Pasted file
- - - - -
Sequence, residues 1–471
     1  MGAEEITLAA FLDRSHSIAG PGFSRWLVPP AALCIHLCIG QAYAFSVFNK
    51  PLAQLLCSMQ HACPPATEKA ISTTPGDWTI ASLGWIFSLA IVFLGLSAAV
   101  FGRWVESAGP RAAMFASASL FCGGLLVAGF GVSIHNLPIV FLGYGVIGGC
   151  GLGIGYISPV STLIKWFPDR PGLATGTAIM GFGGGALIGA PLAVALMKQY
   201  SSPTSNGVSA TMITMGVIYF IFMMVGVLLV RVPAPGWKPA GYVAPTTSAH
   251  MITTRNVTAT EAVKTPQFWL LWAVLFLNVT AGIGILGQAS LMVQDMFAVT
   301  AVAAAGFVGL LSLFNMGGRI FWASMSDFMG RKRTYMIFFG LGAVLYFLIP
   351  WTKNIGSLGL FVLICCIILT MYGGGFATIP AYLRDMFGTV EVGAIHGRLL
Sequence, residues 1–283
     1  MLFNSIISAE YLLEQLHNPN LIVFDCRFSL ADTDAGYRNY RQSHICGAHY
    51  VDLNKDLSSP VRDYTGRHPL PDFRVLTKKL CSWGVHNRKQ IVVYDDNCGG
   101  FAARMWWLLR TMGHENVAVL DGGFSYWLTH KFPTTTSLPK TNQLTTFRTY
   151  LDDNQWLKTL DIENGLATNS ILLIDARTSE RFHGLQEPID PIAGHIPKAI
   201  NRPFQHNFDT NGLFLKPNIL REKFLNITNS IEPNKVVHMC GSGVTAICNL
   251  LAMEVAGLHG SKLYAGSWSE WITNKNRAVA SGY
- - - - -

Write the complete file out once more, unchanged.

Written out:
Sequence, residues 1–471
     1  MGAEEITLAA FLDRSHSIAG PGFSRWLVPP AALCIHLCIG QAYAFSVFNK
    51  PLAQLLCSMQ HACPPATEKA ISTTPGDWTI ASLGWIFSLA IVFLGLSAAV
   101  FGRWVESAGP RAAMFASASL FCGGLLVAGF GVSIHNLPIV FLGYGVIGGC
   151  GLGIGYISPV STLIKWFPDR PGLATGTAIM GFGGGALIGA PLAVALMKQY
   201  SSPTSNGVSA TMITMGVIYF IFMMVGVLLV RVPAPGWKPA GYVAPTTSAH
   251  MITTRNVTAT EAVKTPQFWL LWAVLFLNVT AGIGILGQAS LMVQDMFAVT
   301  AVAAAGFVGL LSLFNMGGRI FWASMSDFMG RKRTYMIFFG LGAVLYFLIP
   351  WTKNIGSLGL FVLICCIILT MYGGGFATIP AYLRDMFGTV EVGAIHGRLL
Sequence, residues 1–283
     1  MLFNSIISAE YLLEQLHNPN LIVFDCRFSL ADTDAGYRNY RQSHICGAHY
    51  VDLNKDLSSP VRDYTGRHPL PDFRVLTKKL CSWGVHNRKQ IVVYDDNCGG
   101  FAARMWWLLR TMGHENVAVL DGGFSYWLTH KFPTTTSLPK TNQLTTFRTY
   151  LDDNQWLKTL DIENGLATNS ILLIDARTSE RFHGLQEPID PIAGHIPKAI
   201  NRPFQHNFDT NGLFLKPNIL REKFLNITNS IEPNKVVHMC GSGVTAICNL
   251  LAMEVAGLHG SKLYAGSWSE WITNKNRAVA SGY